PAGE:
Global Frankness Crisis contributed to the GFC
It’s a little-known fact, but not long ago the Commonwealth Government hired some corporate management consultants to update our national anthem. The first verse became:
Australians all let us rejoice: National stakeholders going forward should be committed to visionary communications
For we are young and free: For we incubate next-generation scenarios that leverage dynamic functionalities
With golden soil and wealth for toil: With mission critical infrastructure to maximise world-class deliverables
Our home is girt by sea: Our brickware harnesses frictionless supply chain scenarios.
Unfortunately, the text suffered from ‘a high-end negative architecture scenario’, which meant the words didn’t actually fit the music, and the idea was scrapped.
Okay, I made that up, but unfortunately it’s not all that far from reality. Here’s what one corporation actually wrote recently:
As a means of simultaneously decomposing both the optative and indicative parts of a requirements problem, from an abstract business level to concrete system requirements, we leverage the paradigm of projection in both approaches while maintaining traceability to high-level business objectives.
Come again? All this means is something like ‘our service will help you solve practical problems while keeping an eye on the business overall’. I think.
But while it’s easy to play up the comedy of corporate speak, it also has a very serious side to it. The evidence is emerging that complex language was a major contributor to the global financial crisis.
If that sounds like a far-fetched claim, consider the case of the Opes Prime collapse.
One of the investors in Opes Prime was a stockbroking firm called Beconwood Securities. When Opes Prime went under, Beconwood took court action to recover its money, arguing that the documents it had signed were so complex that it didn’t actually understand the product it was buying. Beconwood apparently didn’t realise that its own shares were actually owned by Opes Prime’s bank.
It lost the case, as the judge ruled Beconwood to be a sophisticated investor that should have been able to work it out.
But the fact that a stockbroker couldn’t tell the difference illustrates a major factor in the global financial meltdown. Financial documents got so complex that nobody in the system could tell who owned what and who owed what to whom. So they all stopped lending to each other. The financial system froze. The rest we know.
And it hasn’t stopped there. While the international financiers were licking their wounds, major corporations started to get in on the obscure language act, spinning their situation for all it was worth.
When GM announced its bankruptcy, for example, it wrote to its ‘stakeholders’ explaining: ‘As you may know, GM is using an expedited, court-supervised process to accelerate the reinvention of our company.’ When Air New Zealand had to shed staff, it announced it would ‘disestablish up to 200 full-time jobs’.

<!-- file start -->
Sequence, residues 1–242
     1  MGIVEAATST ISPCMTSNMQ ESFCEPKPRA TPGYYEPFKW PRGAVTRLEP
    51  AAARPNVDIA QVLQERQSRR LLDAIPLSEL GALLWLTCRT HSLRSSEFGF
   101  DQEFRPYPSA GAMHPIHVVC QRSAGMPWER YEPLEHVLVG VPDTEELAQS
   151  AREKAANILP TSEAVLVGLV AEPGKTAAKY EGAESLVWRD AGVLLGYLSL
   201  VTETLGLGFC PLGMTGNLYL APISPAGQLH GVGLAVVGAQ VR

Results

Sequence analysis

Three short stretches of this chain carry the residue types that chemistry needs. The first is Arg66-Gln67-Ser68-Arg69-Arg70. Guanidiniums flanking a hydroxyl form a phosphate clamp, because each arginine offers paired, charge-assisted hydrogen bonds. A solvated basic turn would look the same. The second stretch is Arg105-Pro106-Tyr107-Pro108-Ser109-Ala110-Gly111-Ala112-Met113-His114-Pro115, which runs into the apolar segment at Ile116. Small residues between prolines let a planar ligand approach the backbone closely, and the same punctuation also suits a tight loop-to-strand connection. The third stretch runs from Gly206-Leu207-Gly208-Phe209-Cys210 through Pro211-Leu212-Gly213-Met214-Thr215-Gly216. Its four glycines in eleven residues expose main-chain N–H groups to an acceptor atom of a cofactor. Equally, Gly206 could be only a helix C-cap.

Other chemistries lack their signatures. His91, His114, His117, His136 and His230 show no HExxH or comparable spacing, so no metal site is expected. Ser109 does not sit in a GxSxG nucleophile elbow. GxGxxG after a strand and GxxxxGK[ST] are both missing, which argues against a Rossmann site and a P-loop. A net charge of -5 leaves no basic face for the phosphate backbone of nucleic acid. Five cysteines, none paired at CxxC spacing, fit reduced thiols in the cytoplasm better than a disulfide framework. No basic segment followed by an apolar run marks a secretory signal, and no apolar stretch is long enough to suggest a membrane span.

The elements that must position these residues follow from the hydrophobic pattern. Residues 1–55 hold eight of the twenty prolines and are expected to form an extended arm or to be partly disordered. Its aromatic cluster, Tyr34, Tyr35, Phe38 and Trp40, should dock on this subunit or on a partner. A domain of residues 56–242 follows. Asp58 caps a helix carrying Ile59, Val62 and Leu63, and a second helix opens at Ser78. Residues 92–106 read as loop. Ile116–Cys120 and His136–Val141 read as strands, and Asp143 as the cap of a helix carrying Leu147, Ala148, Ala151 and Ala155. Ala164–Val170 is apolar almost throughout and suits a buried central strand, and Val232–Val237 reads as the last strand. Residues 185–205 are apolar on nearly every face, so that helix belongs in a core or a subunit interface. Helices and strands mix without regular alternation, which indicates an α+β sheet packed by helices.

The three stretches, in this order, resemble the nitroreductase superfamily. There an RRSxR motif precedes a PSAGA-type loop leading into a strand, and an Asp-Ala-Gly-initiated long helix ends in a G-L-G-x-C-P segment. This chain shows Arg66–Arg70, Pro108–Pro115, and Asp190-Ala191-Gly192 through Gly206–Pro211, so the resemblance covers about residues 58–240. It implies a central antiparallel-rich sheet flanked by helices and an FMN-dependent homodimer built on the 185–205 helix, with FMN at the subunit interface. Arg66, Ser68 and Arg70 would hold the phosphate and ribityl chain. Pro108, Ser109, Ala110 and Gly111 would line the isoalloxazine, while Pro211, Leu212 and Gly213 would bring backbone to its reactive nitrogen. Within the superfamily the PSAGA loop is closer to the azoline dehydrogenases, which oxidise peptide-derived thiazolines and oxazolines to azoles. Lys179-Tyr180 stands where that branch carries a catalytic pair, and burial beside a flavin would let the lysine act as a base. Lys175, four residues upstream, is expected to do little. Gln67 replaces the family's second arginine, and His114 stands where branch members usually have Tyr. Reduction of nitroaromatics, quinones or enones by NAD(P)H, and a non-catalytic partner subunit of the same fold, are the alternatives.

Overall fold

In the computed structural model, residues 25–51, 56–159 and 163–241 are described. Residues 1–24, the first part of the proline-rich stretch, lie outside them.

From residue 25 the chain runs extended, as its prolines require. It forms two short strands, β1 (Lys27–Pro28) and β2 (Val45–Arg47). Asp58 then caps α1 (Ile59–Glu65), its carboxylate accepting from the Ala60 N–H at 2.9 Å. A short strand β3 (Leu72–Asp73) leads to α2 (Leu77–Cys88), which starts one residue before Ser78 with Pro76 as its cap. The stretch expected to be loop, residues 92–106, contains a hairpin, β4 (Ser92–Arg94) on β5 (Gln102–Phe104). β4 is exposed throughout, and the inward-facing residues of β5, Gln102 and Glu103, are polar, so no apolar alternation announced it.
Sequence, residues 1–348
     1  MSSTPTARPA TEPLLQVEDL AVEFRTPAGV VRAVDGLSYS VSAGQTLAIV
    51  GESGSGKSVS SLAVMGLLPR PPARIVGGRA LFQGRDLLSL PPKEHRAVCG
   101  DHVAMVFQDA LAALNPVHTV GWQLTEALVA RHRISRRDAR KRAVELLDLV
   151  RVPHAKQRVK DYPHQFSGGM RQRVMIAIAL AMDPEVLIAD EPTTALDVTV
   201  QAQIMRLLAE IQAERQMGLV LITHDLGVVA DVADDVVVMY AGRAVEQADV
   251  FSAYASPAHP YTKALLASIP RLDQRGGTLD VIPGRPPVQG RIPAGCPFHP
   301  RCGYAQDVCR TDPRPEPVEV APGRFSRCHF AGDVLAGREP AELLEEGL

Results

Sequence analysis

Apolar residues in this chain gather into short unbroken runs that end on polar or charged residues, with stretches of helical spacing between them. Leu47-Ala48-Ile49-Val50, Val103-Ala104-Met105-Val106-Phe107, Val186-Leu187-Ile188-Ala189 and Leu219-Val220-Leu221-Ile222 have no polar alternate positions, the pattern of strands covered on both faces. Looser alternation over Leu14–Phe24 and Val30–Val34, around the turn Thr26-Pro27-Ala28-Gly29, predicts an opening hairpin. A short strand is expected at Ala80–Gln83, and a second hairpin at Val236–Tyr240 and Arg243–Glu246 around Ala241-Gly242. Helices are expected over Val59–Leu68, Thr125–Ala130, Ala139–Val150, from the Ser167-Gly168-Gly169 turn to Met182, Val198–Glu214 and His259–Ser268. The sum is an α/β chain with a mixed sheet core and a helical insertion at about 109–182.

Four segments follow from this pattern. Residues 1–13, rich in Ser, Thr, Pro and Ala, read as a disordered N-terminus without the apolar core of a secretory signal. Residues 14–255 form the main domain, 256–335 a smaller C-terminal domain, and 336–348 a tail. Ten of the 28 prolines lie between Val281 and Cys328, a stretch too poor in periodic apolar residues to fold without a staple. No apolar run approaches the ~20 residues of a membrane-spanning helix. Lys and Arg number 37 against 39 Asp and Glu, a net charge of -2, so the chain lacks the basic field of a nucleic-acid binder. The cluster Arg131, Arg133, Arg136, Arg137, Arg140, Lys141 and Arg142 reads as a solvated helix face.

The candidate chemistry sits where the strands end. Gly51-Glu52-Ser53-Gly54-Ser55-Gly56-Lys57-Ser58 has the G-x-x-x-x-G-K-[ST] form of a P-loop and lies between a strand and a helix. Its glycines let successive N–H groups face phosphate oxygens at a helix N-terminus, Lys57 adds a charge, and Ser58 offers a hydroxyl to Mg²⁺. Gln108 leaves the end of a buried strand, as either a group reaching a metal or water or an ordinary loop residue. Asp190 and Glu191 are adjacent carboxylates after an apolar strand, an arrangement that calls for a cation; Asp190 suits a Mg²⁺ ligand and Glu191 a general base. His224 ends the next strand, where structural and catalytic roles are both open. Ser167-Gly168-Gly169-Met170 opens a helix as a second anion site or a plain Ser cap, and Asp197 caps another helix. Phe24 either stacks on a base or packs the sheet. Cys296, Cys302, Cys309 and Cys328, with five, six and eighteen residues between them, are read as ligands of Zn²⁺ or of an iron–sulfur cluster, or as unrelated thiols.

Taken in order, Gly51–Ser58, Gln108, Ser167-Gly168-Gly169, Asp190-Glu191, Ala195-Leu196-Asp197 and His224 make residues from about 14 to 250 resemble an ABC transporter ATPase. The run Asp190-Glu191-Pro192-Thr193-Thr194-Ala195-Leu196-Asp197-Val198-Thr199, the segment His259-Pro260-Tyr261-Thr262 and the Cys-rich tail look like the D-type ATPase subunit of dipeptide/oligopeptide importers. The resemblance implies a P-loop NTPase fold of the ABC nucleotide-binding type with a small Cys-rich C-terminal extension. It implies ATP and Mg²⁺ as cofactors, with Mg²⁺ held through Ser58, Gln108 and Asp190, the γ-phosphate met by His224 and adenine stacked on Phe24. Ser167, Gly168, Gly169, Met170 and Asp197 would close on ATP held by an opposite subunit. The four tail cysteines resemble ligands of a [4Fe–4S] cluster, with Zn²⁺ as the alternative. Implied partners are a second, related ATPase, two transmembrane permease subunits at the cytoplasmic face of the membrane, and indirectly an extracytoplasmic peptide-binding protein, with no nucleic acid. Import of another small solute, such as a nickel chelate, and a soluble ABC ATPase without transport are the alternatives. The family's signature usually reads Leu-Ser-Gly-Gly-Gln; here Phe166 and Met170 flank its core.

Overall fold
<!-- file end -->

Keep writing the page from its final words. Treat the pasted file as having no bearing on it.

It’s time for the corporate world to learn that poor language is not good for business.
A few years ago, the Royal Mail in Britain surveyed the public about the writing they receive from companies, and discovered that one-third boycott products specifically because of the quality of the writing. This was costing UK firms a staggering $10 billion a year in lost trade. Those figures translated to the Australian economy would be some $2 billion.
And according to a survey of 1,214 American homeowners and investors conducted by Siegel+Gale, 84 per cent are more likely to trust a company that uses jargon-free, plain English in communications.
Seventy five per cent also believed that language complexity played a significant role in the current financial crisis. Sixty-three percent felt that ‘banks, mortgage lenders and Wall Street intentionally make things complicated to hide risks or to keep people in the dark.’
Another American survey found that companies scoring high in spin posted financial results up to six times worse than those that write in plain English. Only 11 per cent of the top 25 firms lapsed into jargon, but more than half of the bottom 25 firms did.
Memo to all those corporate spin officers out there: we’re onto you.
And if those numbers aren’t enough to make corporations sit up and take notice, the regulators are already getting in on the act. President Barack Obama has recently spoken out against poor financial and credit documents, and the United States Congress and Senate are already considering a plain language bill. This will make plain English compulsory in all Federal government documents.
America will join countries as diverse as Sweden, Mexico, the Netherlands and even New Zealand in mandating plain language.
Yet Australian government and industry are still to introduce similar measures for plain English here. The global financial crisis suggests we have much to catch up with. Our Prime Minister has been quick with a financial package, yet his own language is at times barely comprehensible, swinging between officialese, jargon, cliche and ockerisms.
What we need now is some strong action from government and business that will prove they take clear communication seriously. If other countries can introduce plain language laws and regulations, why can’t we?
Dr Neil James is Executive Director of the Plain English Foundation and the author of Writing at Work. The Plain English Foundation is currently hosting the Plain Language Association International 7th Biennial Conference. www.plainenglishfoundation.com
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